How to Prevent Back Pain on Long Road Trips
Taking a road trip is a great, fun way to explore a country.
Road tripping with some friends whilst listening to some great tunes and taking in the scenery is one of the best ways to travel.
That being said, spending long hours on the road sitting behind the wheel can take its toll on your body, resulting in all sorts of aches and pains (particularly in the back area).
To prevent back pain from occurring while driving, there are a few guidelines you should follow:
Empty Your Back Pockets
First things first, before you get into your car make sure to take everything (such as your wallet or your keys) out of your back pockets. Having large items such as these will cause you to sit or lean to one side slightly, which is not good for your back if maintained for a long duration (as you’re not balancing out the pressure place on certain areas).
Relieve the Pressure Around Your Waist – Is Your Seatbelt Too Tight?
A lot of lower back pain can occur if there is too much pressure around your waist. This is usually caused by two things: The seatbelt being too tight or your trousers/pants being tight around your waist.
If you find your seatbelt it tight around your waist, don’t be afraid to loosen it slightly so that it’s not adding any extra pressure to your back.
It’s also a good idea to wear stretchy trousers (such as jogging bottoms with an elastic waistband), or to undo the top button of your trousers/shorts so that there’s no additional pressure being placed around your waistline.
Maintain Proper Body Position
As you drive, it’s easy to lean towards one side of your body more than the other. By maintaining proper body position while driving (and sitting up straight), you’re ensuring that the amount of tension placed on both sides of the back is equal.
The National Highway and Traffic Safety Authority recommends that your hands are placed at 3 and 9 o’clock on the steering wheel, as this will help keep your body straight.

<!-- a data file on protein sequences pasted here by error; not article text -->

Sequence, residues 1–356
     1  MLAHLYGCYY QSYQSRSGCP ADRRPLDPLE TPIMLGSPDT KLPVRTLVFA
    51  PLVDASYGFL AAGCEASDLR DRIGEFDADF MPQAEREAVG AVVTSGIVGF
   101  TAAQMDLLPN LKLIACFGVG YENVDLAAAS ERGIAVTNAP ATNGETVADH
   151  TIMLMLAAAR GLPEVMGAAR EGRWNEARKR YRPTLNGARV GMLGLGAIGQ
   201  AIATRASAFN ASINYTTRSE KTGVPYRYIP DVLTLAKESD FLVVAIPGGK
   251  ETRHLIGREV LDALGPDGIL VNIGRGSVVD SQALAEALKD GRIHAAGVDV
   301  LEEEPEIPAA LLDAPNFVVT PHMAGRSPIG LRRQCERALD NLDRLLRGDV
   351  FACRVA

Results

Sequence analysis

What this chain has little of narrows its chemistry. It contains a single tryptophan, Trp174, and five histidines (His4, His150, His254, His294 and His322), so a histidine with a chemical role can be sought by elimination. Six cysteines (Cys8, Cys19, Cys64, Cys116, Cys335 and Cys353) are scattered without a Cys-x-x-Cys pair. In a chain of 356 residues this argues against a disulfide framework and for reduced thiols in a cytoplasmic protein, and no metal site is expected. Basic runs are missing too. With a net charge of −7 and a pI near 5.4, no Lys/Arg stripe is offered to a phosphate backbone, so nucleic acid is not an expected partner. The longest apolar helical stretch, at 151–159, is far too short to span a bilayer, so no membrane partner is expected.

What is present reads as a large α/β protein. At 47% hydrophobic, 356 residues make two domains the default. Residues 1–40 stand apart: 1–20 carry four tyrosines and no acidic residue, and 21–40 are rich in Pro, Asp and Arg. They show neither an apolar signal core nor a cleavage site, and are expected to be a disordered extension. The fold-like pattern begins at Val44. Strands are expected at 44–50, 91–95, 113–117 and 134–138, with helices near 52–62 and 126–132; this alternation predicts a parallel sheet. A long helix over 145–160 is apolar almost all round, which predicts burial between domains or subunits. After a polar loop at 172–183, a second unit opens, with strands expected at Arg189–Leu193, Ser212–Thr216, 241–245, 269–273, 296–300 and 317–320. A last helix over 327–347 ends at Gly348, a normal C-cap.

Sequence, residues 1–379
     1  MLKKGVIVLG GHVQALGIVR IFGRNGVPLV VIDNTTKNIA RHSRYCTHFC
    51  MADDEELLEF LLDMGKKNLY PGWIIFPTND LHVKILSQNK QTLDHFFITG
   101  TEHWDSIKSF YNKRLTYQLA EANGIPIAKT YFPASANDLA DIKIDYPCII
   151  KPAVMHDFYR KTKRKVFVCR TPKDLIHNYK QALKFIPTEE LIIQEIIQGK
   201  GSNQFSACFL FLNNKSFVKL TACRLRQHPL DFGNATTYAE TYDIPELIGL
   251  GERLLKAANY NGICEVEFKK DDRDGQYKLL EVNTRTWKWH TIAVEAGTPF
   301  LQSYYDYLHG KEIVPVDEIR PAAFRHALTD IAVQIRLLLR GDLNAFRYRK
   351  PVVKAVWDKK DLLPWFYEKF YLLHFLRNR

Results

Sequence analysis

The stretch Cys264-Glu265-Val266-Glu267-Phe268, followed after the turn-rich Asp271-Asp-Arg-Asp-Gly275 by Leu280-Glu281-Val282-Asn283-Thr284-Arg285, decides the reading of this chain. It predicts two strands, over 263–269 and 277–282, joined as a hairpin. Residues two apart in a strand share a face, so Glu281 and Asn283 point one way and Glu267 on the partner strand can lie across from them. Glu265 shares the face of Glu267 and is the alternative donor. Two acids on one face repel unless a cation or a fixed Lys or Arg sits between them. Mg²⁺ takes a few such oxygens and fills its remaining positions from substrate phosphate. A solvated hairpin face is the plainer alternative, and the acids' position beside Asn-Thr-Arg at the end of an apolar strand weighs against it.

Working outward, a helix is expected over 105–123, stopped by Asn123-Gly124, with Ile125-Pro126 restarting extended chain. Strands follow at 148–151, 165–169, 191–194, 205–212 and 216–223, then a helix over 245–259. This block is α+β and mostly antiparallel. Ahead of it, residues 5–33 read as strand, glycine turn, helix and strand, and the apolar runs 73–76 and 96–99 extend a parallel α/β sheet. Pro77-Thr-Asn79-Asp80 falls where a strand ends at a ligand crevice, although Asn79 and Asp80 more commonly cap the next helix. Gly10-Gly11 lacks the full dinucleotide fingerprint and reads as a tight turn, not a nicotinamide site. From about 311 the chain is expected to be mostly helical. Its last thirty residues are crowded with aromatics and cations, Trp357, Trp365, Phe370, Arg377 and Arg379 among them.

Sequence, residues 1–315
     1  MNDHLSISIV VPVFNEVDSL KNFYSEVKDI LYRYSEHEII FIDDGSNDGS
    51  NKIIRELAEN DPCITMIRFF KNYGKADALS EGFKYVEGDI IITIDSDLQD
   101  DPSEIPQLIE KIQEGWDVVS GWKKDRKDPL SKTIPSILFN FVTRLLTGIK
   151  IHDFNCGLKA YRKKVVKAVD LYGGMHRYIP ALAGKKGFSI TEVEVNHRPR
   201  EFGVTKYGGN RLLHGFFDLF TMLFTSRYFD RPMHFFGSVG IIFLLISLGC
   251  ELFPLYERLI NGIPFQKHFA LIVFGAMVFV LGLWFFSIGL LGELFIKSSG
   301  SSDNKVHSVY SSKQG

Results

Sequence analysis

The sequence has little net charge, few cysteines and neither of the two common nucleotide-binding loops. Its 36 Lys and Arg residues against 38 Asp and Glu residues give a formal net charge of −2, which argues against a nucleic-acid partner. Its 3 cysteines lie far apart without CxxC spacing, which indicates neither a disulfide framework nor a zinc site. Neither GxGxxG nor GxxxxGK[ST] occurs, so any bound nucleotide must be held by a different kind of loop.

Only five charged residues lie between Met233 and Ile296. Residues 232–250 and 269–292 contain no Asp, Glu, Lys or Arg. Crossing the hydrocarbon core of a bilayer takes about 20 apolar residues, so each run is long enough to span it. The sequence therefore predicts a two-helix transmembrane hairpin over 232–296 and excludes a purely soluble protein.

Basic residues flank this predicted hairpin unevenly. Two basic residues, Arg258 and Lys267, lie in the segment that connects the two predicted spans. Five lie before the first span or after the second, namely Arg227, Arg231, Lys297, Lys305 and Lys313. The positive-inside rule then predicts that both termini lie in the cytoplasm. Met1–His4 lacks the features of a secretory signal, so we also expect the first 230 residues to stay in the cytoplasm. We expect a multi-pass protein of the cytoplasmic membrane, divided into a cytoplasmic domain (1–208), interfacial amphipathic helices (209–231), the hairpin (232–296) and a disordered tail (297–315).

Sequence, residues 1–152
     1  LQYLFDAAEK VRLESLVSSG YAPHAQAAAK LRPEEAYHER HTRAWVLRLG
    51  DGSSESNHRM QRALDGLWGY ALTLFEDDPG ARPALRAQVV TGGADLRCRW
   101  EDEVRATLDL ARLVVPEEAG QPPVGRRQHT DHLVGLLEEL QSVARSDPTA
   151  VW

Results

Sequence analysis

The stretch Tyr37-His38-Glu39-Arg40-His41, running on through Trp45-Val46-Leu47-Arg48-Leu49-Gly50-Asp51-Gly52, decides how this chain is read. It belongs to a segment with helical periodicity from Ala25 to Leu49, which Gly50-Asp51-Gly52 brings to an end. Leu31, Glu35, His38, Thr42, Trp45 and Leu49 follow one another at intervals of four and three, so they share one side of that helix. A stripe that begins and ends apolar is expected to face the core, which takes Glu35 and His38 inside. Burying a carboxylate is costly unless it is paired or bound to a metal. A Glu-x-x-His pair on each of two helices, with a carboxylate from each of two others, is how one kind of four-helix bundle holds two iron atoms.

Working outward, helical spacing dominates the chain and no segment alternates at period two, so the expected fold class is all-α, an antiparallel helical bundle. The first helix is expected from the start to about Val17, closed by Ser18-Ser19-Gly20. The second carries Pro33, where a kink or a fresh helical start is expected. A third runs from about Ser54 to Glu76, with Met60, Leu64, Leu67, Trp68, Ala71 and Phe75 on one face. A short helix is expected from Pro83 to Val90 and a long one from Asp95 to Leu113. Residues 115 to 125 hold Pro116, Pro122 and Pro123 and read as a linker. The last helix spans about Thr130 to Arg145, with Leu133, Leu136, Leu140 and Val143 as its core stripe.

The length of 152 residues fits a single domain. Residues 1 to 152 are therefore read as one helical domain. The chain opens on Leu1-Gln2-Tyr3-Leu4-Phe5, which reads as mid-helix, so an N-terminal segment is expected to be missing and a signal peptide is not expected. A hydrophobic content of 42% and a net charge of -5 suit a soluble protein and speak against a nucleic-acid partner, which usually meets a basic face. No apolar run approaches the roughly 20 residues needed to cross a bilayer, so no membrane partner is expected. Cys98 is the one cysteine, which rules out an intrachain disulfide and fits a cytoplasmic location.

In addition to this, make sure you’re not sitting too far (or too close) to the pedals on the floor. If you’re too close you’ll be cramped up, and if you’re too far away you’ll have to slouch down in order to reach them.
Ideally, you want to sit close enough to the pedals so that your arms are bend slightly as you hold the steering wheel.
Support Your Lower Back
Some people like to put cushions behind their back to give them additional lumbar support as they drive, and this can work well.
Whenever you use a car seat cushion for back pain, however, be sure that it’s straightening your back (instead of just bending it further in another direction), otherwise you’ll just be solving one problem by creating another.
Instead of using a cushion for car seat back support, you might want to consider placing a small, rolled up towel just behind your lower back.
Take Frequent Breaks
Taking frequent breaks on a long road trip will help to prevent back pain from occurring (by relieving the tension and strain of sitting in the car seat), and it’ll give you a chance to stretch your legs and get the blood flowing around your body.
Strengthen Your Core with Exercises
As an additional activity, you can aim to stretch out and strengthen your back before and after driving by performing some basic exercises.
Stock Up on Food & Drink
Lastly, it’s not just your back that might suffer on a long road trip – long distance drives are often accompanied by scores of unhealthy fast food.
It’s a good idea to pack a bunch of healthy snacks (such as bananas and apples) and bottles of water in a cooler before you leave so that you’ll have an alternative to the fast food restaurants found along the highway.
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